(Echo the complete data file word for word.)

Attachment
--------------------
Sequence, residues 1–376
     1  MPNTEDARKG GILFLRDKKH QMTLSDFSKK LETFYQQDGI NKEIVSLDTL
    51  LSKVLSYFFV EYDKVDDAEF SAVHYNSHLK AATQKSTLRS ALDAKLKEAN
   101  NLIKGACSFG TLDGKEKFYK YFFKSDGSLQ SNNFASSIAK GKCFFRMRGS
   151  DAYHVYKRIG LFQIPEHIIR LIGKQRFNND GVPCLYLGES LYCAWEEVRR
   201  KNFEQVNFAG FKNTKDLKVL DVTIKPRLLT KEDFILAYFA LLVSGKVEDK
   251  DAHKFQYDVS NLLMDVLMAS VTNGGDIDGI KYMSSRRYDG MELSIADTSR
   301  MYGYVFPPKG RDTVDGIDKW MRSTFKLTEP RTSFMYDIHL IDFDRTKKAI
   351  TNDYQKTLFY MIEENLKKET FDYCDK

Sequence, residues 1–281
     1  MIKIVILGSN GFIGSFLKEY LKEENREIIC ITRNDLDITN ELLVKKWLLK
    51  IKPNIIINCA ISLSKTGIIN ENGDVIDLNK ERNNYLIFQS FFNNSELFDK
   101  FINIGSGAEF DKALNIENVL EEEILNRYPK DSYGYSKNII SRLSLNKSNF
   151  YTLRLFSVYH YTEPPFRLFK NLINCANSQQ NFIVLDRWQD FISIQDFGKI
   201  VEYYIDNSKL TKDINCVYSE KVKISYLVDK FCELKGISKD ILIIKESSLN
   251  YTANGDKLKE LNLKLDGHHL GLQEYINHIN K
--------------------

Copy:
Sequence, residues 1–376
     1  MPNTEDARKG GILFLRDKKH QMTLSDFSKK LETFYQQDGI NKEIVSLDTL
    51  LSKVLSYFFV EYDKVDDAEF SAVHYNSHLK AATQKSTLRS ALDAKLKEAN
   101  NLIKGACSFG TLDGKEKFYK YFFKSDGSLQ SNNFASSIAK GKCFFRMRGS
   151  DAYHVYKRIG LFQIPEHIIR LIGKQRFNND GVPCLYLGES LYCAWEEVRR
   201  KNFEQVNFAG FKNTKDLKVL DVTIKPRLLT KEDFILAYFA LLVSGKVEDK
   251  DAHKFQYDVS NLLMDVLMAS VTNGGDIDGI KYMSSRRYDG MELSIADTSR
   301  MYGYVFPPKG RDTVDGIDKW MRSTFKLTEP RTSFMYDIHL IDFDRTKKAI
   351  TNDYQKTLFY MIEENLKKET FDYCDK

Sequence, residues 1–281
     1  MIKIVILGSN GFIGSFLKEY LKEENREIIC ITRNDLDITN ELLVKKWLLK
    51  IKPNIIINCA ISLSKTGIIN ENGDVIDLNK ERNNYLIFQS FFNNSELFDK
   101  FINIGSGAEF DKALNIENVL EEEILNRYPK DSYGYSKNII SRLSLNKSNF
   151  YTLRLFSVYH YTEPPFRLFK NLINCANSQQ NFIVLDRWQD FISIQDFGKI
   201  VEYYIDNSKL TKDINCVYSE KVKISYLVDK FCELKGISKD ILIIKESSLN
   251  YTANGDKLKE LNLKLDGHHL GLQEYINHIN K